The great fundamentals were taught in simple language, for ‘there is no better way to make a good cause prevail than to make it plain.’ Since the purpose of the preacher was to teach, he must speak so as to be understood. In those days of sermon-tasters he was criticized for the plainness of his speech and had to combat the pride of his heart as it urged him to a more ornate style — ‘God commandeth us to be as plain as we can, that we may inform the ignorant . . . but pride stands by and contradicteth all, and produceth its toys and trifles . . . It persuadeth us to paint the window that it may dim the light.’
This surely challenges us, brethren. We aim at giving reasoned expositions of truth to our people, but do we, in our preparation, seek to answer any possible difficulties, do we marshal arguments to convince their minds — or have we been made lazy by their uncritical approval? Are we so afraid of being labelled ‘fundamentalists’ that we spend most of our time in the lesser-known corners of Scripture? It is possible for a man to win quite a reputation as the manager of a delicatessen for reformed gourmets, producing theological rarities which are unobtainable elsewhere — while many of his hungry flock look up and are not fed. It is a tragic mistake so to concentrate on ‘what is desirable to be known’ that we neglect ‘what must be known’. Do our people really understand the central truths concerning God’s covenants, Christ’s person and work, sin, regeneration, repentance, and faith? Until the foundations of their faith are firmly established, we do well to lay less emphasis upon the superstructure. Do we preach in simple language? No doubt we try to avoid over-academic expressions, and it is quite true that many of the mighty words of Scripture must never be omitted from our vocabulary, but must rather be expounded and then incorporated into the thinking and speech of our hearers — but do we make the enormous conscious effort needed to avoid the hypnotic, thought-benumbing cliché, to present the truth in a fresh, contemporary garb? Baxter calls us to a preaching ministry in which the fundamentals of the faith are explained with attractiveness and clarity.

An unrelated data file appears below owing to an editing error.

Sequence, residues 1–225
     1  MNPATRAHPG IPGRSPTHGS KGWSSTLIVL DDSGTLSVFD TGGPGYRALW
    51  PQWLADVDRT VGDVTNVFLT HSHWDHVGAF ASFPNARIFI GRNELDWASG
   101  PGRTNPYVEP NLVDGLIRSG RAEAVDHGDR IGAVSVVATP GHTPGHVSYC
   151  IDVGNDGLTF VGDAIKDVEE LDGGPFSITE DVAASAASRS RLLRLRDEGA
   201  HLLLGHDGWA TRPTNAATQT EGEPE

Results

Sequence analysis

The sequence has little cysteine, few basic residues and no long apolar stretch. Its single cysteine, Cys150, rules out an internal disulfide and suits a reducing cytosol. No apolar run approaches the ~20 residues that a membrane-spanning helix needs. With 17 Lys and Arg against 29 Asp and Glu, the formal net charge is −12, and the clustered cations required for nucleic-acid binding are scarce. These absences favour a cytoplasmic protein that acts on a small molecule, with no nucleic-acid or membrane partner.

2. Baxter’s preaching was characterized by a passionate evangelistic appeal.
The great reality which moulded his ministry was the fact that we must all appear before the judgment seat of Christ. Extreme bodily weakness increased his awareness that there was but a step between him and death, whom he called his ‘neighbour’. Every duty was to be carried out, every sermon preached, in the light of the great day. ‘I daily know and think of that approaching hour’, he says. His congregation is described as ‘a company of ignorant, carnal, miserable sinners . . . who must be changed or damned. Methinks I even see them entering upon their final woe! Methinks I hear them crying out for help, for speediest help!’